Book Covers

This is the 10th article in my publishing series. Non-publishing content will return in February, so if you are reading this and aren’t interested in this topic, please check back then.


Covers. There is so much to discuss with covers that I could write multiple articles on it. But, I’ll just write a longer blog post instead. Most people know that covers are important to the process, however, they aren’t sure where to start or what to do with covers. The cover is, perhaps, the single most important feature of your book. Imagine that you are perusing a book store, either in person or virtually. Maybe you don’t have a particular book or author in mind, you just want something that will strike your fancy. You stroll up and down the aisles, or browse pages of books sorted by category. What makes you click on a book or pick it up? The cover. Every time. If the cover is unappealing, people will not pick up the book (unless of course they’re specifically looking for it, but we’re assuming that this isn’t the case – we want new readers). Your cover art has to be compelling. Having a bad cover image is the kiss of death. Especially, when you think back to my earlier articles when I discussed how many new books are published each month.

Okay, so you need a good cover. But how do you get one? Some people are very artistically talented and can just make their own amazing covers, or they are married to an artist, or are good friends with an artist or something. I’m going to assume that this is not you. The easiest, and also most expensive option, is to hire a professional cover artist to make your cover for you. When it comes to hiring a cover artist there are two ways you can go. The first, involves hiring a talented artist to make custom art specifically for your book. This is by far the most expensive route, but also the most worthwhile, if you have the budget for it. This is what helps your book to stand out. Covers from this category can easily range from $500 and up to a few thousand, depending on the artist. Every now and then you can find them at a better deal, but plan for hundreds of dollars if you go this route. The other option is what I affectionately refer to as a “cover mill”. It’s not a knock against their talent or ability, but rather a comment about the proliferation of the products. These people can produce covers quickly and tend to crank them out in high volumes. Because they take less time, they also tend to cost less money. But, I’ll be frank – if you have any artistic ability and the right tools you can (maybe) produce covers like this with practice. What these people do is they buy accounts to stock photo repositories and then look for stock images that they can combine and remix in many different ways to be able to make “premade” covers. They usually just made a cover that fits a theme or idea and then when someone wants that cover, they add a title and there you go. There are a lot of talented people who do this, and they often do it creative and talented ways. In many cases these artists will be able to produce a better cover than you can do, and they’ll be less expensive than a custom artist. This is a good place to start for most people. The potential downside is that these artists are all drawing form the same pool of stock images. There are only so many “elf girl” or “space ship” stock images to begin with. It’s a given inevitability that elements of your cover (if not the whole image) may also be present in another book by a different author as well.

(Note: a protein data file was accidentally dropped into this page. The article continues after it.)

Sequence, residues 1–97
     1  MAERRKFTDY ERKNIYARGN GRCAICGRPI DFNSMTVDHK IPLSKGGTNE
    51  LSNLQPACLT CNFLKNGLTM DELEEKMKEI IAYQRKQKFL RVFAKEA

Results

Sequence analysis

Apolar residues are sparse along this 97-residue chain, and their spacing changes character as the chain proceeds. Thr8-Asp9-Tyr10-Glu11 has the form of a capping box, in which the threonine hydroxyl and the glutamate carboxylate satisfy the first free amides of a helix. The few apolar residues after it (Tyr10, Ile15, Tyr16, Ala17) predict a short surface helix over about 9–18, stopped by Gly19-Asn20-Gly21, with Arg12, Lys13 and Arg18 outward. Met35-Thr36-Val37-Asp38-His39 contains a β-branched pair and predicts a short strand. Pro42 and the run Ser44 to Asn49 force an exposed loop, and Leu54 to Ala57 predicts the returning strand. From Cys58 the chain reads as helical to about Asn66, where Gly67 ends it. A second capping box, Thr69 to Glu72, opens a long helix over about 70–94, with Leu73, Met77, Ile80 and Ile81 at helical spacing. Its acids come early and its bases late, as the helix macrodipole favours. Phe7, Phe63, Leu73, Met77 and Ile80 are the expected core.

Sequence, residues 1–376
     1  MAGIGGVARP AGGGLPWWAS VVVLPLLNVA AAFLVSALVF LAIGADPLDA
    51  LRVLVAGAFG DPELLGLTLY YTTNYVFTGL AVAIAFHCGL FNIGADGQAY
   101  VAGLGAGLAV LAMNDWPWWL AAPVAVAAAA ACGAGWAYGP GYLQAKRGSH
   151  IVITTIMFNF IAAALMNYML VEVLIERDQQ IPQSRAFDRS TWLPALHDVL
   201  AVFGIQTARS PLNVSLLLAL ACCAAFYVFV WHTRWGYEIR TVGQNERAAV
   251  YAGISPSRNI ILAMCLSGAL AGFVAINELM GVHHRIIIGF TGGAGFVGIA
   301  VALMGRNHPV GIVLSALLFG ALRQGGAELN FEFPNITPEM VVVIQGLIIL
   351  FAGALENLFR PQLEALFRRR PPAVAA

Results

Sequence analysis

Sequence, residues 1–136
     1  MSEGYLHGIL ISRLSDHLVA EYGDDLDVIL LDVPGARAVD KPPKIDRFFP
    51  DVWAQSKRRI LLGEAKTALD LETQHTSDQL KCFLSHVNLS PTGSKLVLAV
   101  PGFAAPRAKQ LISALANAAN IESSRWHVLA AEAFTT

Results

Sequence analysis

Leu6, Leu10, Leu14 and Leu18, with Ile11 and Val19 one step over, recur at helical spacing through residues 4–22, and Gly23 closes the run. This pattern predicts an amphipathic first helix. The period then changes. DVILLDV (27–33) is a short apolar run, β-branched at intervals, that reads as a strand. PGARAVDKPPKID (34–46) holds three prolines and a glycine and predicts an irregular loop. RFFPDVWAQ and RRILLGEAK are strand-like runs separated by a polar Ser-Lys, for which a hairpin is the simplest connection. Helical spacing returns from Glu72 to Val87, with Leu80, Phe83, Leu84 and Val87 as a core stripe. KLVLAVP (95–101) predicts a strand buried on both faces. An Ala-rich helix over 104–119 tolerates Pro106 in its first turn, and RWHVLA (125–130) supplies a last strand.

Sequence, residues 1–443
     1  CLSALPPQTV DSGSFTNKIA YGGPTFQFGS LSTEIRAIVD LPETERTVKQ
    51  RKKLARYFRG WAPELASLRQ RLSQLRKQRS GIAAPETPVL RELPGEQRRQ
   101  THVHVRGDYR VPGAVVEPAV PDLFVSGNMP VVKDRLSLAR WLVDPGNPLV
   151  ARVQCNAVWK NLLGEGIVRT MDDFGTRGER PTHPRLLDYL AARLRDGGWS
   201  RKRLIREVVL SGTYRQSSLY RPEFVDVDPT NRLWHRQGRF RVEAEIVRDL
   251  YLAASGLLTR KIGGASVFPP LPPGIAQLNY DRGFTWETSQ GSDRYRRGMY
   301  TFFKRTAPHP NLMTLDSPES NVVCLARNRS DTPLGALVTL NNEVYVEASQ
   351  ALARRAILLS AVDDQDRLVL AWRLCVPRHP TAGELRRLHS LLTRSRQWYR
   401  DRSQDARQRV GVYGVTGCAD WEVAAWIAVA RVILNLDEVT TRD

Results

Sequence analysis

I would generally advise against pulling images together and making your own, unless you have the proper tools and some skill at remixing photos. Part of the problem of doing it on your own is that you have to be sure that the images you choose are either public domain or creative commons (meaning that no one has a legal claim to that image), and that it’s not otherwise copyrighted or trademarked in any way. Even if you did a google search for “royalty free spaceship” whatever images you find there will almost certainly have already been used by others. It’s so bad that in my Sci-Fi writer’s group, we joking refer to one of them simply as “the ship”. It’s everywhere.

Going left:

From the side:

Banking left:

Banking Right:

Coming towards you:

Head on:

And even set in pre-made space backgrounds: